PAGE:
And here’s Young’s Literal Translation, which is about as a word-for-word Greek translation you can get: “and lo, there came a great earthquake, for a messenger of the Lord, having come down out of heaven, having come, did roll away the stone from the door, and was sitting upon it”

So Matthew isn’t claiming that the women saw the angel descend or that they saw the guards get knocked out. It’s not in the text. It seems like the critics are looking for fault here.

Where’s Matthew getting his info?

But now a question arises. If the women didn’t tell them this story about the stone’s rolling away and the guards falling out, who did? That’s a fair question.

While can’t say for sure, we can venture a safe guess here. In Matthew 28:11–15 we find out that the author had some info about the guards. What happened to them could have come from the same source — perhaps one of the guards themselves.

Matthew 28:2–4 gives us an explanation for the women at the tomb found when they got there. And that is the stone rolled away and no guards. This just isn’t meant to be a description of what the women saw. The stone moved before they got there and that seems to be what Matthew is communicating when properly read.


“Did they see a man, did they see two men, or did they see an angel? It depends on which gospel you read.

Bart Ehrman (The Craig-Ehrman debate)

Again, let’s look at the texts:

“And entering the tomb, they saw a young man sitting on the right side, dressed in a white robe, and they were alarmed. And he said to them, …”

While they were perplexed about this, behold, two men stood by them in dazzling apparel…” John 20:11–13: But Mary stood weeping outside the tomb, and as she wept she stooped to look into the tomb. And she saw two angels in white, sitting where the body of Jesus had lain, one at the head and one at the feet.”

So is this a major difference like Bart and other skeptics claim? Nah. Not if you’ve read the rest of the Bible. Angels often appear to humans as men. Let’s look at just a few texts to prove this out:

6 times in the Bible where angels appear as men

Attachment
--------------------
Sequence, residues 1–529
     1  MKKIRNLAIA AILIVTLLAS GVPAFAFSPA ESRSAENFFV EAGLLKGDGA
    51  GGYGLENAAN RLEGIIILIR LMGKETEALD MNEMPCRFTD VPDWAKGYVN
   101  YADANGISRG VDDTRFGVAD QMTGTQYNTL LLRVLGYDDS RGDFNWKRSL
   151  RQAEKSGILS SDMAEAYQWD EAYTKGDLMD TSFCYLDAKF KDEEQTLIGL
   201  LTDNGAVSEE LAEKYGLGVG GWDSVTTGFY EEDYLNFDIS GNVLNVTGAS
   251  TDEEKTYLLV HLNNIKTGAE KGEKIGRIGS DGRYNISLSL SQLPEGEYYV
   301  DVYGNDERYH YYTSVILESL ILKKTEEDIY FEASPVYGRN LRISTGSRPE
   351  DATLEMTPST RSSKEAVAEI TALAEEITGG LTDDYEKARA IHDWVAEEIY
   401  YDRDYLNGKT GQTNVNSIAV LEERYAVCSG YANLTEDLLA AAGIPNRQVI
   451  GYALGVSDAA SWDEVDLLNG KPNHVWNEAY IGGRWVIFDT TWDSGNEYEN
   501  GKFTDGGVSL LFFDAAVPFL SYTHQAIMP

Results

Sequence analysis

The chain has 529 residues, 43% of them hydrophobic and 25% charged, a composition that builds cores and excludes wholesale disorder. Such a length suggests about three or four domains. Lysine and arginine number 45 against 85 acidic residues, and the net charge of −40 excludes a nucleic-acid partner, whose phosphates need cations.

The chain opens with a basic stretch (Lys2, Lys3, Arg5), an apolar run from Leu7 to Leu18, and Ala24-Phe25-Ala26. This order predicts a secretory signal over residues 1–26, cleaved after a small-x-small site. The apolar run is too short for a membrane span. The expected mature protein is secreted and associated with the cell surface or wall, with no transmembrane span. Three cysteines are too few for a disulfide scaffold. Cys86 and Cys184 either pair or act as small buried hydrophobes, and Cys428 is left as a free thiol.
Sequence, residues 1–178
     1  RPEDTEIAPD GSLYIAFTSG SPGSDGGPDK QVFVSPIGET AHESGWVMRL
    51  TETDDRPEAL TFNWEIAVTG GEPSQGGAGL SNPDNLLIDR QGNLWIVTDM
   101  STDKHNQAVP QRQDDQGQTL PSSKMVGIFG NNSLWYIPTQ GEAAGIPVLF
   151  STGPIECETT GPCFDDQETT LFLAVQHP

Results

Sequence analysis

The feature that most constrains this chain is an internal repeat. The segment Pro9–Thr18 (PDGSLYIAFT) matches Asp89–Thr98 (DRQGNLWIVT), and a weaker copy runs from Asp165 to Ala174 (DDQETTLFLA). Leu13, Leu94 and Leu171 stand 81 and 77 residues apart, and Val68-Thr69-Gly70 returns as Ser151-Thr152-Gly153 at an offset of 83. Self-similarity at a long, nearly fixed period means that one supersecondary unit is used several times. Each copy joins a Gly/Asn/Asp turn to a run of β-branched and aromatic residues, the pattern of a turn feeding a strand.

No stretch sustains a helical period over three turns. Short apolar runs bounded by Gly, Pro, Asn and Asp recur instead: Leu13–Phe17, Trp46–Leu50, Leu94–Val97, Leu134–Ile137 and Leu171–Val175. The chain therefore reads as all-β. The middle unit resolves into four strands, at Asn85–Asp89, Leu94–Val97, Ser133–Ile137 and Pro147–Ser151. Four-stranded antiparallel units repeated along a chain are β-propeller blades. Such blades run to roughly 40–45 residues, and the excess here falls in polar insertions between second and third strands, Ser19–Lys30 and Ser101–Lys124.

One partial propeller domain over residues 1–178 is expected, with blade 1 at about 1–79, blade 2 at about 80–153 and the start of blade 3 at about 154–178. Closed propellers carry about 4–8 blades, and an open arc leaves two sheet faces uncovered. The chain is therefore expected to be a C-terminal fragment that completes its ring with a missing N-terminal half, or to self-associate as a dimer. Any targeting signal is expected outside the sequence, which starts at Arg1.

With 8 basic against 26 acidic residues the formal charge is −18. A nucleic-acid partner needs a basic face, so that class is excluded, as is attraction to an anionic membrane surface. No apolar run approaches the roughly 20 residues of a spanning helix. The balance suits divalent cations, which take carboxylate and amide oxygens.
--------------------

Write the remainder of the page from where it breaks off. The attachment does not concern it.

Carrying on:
1. When Abraham was sitting by the oaks of Mamre, “he lifted up his eyes and looked, behold, three men were standing opposite him” (Genesis 18:1–2). These visitors in the very next chapter are called angels. (Genesis 19:1)
  2. Jacob wrestled with the man until daybreak in Genesis 32:22–32. We read in Hosea 12:4 that he wrestled with the Angel of the Lord.
  3. Joshua encountered the “captain of the host of the LORD” who was called “a man” (Joshua 5:13–15).
  4. Here again, we see the same thing in Judges: “And God listened to the voice of Manoah, and the angel of God came again to the woman as she sat in the field. But Manoah her husband was not with her. So the woman ran quickly and told her husband, “Behold, the man who came to me the other day has appeared to me.” (Judges 13:9–10)
  5. Daniel had visionary experiences where he describes his angelic visitor as “one in the likeness of the children of man”. (Daniel 10:16–18)
  6. And finally, Hebrews 13:2 tells us that “Do not neglect to show hospitality to strangers, for thereby some have entertained angels unawares.”

Because of medieval, we picture angels as babies or women with wings on their back floating on white clouds. But if it’s possible to entertain angels unawares as the writer of Hebrews says, then they can look just like a human being.

How many angels?

This shouldn’t be that hard to figure out. Wherever there are two angels there is always at least one. That’s just an unfailing principle of math. It’s Matthew and Mark who focus on the one who spoke. They don’t mention the other. But omission itself doesn’t equal denial. There is no account saying that there was one and no other.

I mean, we’ve all experienced this before, haven’t we? I’m thinking of my own life for certain job interviews I had. There were two managers in the room interviewing me for a promotion, but my focus was only on the one who was asking me questions. When talking about the interview later with others, me describing the questions and body language of manager Steve wouldn’t mean that manager Suzy wasn’t also in the room with her head down, taking notes.


In the other gospels, women discovered the empty tomb of Jesus and returned to tell the others:

“The women hurried away from the tomb, afraid yet filled with joy, and ran to tell his disciples.” ( Matthew 28:8).

“When they came back from the tomb, they told all these things to the Eleven and to all the others” ( Luke 24:9).

Mark tells us the women kept it hush-hush:

That’s how the original version of the gospel of Mark ended.

Doesn’t Mark have 20 verses?

Now some of you might be thinking to yourself: “Whoa. Hold up! Doesn’t Mark 16 have more than 8 verses? What about “Go ye into all the world, and preach the gospel to every creature” and that strange stuff about drinking poison and handling snakes that we find in the ending of Mark?